King crab habitat increases due to warming in Arctic
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King crab habitat increases due to warming in Arctic

September 05, 2022

Crab larvae survive at a temperature of six degrees.

ARCTIC. #SIBERIA. THIS IS TAIMYR. Climate change in the Arctic, observed in recent decades, will affect the red king crab population. This was stated by scientists from the Murmansk Marine Biological Institute (MMBI) of the Russian Academy of Sciences following a study published in the international publication Water.

According to Vladimir Dvoretsky, the RAS MMBI Plankton Laboratory specialist, candidate of biological sciences, the reason for the population growth may be “the increased tolerance of crab development planktonic stages to warming sea water temperatures”:

“For each of the larval stages, mass mortality was not observed even at temperatures close to the sea water freezing point: minus 1.7°C. In addition, laboratory observations have shown that king crab larvae survive very well even at higher temperatures, 6°C. This indicates a high probability of larvae further spread to the north of the Barents sea and to more eastern regions.”

The scientist claims that the number and survival of king crab larvae in the Barents sea depend on the quality and quantity of food, as well as environmental conditions: water temperature and the nature of circulation and climatic influences, which can have both positive and negative effects on survival.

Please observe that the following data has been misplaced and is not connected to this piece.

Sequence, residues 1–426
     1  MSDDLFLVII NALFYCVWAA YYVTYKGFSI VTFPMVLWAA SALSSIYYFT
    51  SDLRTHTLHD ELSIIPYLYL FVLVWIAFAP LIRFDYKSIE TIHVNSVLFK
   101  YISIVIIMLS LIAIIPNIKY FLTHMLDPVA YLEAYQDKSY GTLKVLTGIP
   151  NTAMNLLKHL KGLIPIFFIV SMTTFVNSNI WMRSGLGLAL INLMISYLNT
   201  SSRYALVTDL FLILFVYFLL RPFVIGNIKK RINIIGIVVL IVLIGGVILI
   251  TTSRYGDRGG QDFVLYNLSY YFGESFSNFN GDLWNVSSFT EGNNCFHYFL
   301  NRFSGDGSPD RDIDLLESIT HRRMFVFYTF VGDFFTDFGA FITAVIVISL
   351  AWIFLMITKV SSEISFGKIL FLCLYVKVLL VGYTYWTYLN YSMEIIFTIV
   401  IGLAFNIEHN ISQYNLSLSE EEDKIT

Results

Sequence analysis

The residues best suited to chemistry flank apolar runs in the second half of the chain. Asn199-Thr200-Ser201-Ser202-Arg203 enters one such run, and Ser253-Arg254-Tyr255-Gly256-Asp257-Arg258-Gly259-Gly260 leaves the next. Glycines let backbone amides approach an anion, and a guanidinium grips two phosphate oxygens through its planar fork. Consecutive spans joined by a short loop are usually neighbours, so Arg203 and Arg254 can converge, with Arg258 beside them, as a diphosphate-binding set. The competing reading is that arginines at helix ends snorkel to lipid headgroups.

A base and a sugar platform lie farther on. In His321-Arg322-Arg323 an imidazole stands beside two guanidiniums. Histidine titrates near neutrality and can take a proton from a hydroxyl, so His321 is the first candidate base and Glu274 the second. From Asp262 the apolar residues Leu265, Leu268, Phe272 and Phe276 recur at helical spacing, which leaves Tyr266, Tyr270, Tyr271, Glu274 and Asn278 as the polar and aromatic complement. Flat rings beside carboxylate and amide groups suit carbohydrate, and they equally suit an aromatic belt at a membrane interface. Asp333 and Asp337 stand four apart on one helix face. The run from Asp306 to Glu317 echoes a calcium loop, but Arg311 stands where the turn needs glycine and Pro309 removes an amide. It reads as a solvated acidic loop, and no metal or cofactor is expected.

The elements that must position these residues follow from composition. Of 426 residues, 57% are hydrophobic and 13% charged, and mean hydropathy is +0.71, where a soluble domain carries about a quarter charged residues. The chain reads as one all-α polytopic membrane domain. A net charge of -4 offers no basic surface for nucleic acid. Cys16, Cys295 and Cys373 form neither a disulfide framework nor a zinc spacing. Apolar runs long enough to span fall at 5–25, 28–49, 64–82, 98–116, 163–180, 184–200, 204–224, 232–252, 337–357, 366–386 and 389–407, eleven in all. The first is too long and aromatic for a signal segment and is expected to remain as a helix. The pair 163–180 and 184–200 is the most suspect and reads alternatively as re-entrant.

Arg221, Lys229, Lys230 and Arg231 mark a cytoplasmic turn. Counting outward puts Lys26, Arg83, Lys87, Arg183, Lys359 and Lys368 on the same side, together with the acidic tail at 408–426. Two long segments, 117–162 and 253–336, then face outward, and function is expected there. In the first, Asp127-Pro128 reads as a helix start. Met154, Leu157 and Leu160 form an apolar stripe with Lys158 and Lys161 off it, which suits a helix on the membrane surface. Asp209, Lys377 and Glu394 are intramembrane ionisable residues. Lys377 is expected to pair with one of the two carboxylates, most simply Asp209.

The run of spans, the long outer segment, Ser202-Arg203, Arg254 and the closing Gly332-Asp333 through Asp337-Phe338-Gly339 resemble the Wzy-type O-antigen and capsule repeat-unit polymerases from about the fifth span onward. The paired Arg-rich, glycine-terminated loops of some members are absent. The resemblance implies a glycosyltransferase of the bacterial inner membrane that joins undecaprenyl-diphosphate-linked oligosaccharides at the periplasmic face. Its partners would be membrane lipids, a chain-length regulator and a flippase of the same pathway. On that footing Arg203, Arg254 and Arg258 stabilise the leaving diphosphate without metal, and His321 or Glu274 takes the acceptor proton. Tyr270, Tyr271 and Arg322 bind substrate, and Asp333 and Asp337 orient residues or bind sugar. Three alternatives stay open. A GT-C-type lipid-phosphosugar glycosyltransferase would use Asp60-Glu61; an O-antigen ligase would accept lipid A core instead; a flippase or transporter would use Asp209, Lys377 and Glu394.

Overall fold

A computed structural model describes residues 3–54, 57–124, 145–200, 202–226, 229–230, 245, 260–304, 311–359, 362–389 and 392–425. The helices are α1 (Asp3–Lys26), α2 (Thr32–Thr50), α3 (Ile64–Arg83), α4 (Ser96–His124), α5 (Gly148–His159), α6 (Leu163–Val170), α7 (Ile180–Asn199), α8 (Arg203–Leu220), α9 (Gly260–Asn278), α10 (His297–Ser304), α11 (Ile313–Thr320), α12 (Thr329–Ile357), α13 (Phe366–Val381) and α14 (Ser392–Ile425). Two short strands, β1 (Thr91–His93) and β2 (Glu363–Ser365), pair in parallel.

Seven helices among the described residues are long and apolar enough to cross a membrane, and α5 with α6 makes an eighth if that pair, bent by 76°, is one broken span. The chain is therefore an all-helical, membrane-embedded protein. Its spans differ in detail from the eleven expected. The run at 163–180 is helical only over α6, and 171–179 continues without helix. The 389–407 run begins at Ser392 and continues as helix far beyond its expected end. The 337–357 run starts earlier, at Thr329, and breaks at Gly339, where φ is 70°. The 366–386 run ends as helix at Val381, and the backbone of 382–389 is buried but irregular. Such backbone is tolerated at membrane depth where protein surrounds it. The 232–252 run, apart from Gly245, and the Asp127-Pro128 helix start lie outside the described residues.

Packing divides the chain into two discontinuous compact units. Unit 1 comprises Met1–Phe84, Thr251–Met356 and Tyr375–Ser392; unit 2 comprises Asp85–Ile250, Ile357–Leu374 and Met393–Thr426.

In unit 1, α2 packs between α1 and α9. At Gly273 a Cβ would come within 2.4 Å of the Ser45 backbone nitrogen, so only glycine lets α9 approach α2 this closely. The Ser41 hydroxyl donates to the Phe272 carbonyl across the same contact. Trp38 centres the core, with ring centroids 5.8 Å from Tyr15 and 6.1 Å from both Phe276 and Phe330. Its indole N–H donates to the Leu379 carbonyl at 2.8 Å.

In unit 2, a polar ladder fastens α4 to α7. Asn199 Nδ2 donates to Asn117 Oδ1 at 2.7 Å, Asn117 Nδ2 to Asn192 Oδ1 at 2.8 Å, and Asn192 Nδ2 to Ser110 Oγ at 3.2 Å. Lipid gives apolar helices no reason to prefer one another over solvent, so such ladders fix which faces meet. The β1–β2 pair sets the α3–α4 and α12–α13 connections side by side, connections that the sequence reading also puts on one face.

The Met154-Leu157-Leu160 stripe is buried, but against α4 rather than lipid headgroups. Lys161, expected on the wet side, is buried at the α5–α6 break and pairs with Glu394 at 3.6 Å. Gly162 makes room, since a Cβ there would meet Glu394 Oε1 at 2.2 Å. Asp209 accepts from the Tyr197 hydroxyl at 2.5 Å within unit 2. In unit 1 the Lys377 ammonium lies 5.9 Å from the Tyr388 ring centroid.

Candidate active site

Now the king crab is found in the Barents Sea southern part’s coastal waters, along the Norway coast and the Kola peninsula northeast. Also, the first finds of crustaceans have been recently made in the White sea, which indicates the ongoing expansion of the range.

The data obtained, the scientists stressed, also indicate a high reproductive potential and a high ability to support rapid population growth in new areas.

Earlier, This Is Taimyr wrote that the Arctic becomes a hot spot of global warming. Climate change in the Arctic is happening four times faster than in the rest of the world. Grass grows in the tundra instead of reindeer moss. We also told about polar bears learning to survive in the changing conditions in the Arctic.

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Text: Ekaterina Elkanova, Photo: istockphoto.com

September 05, 2022

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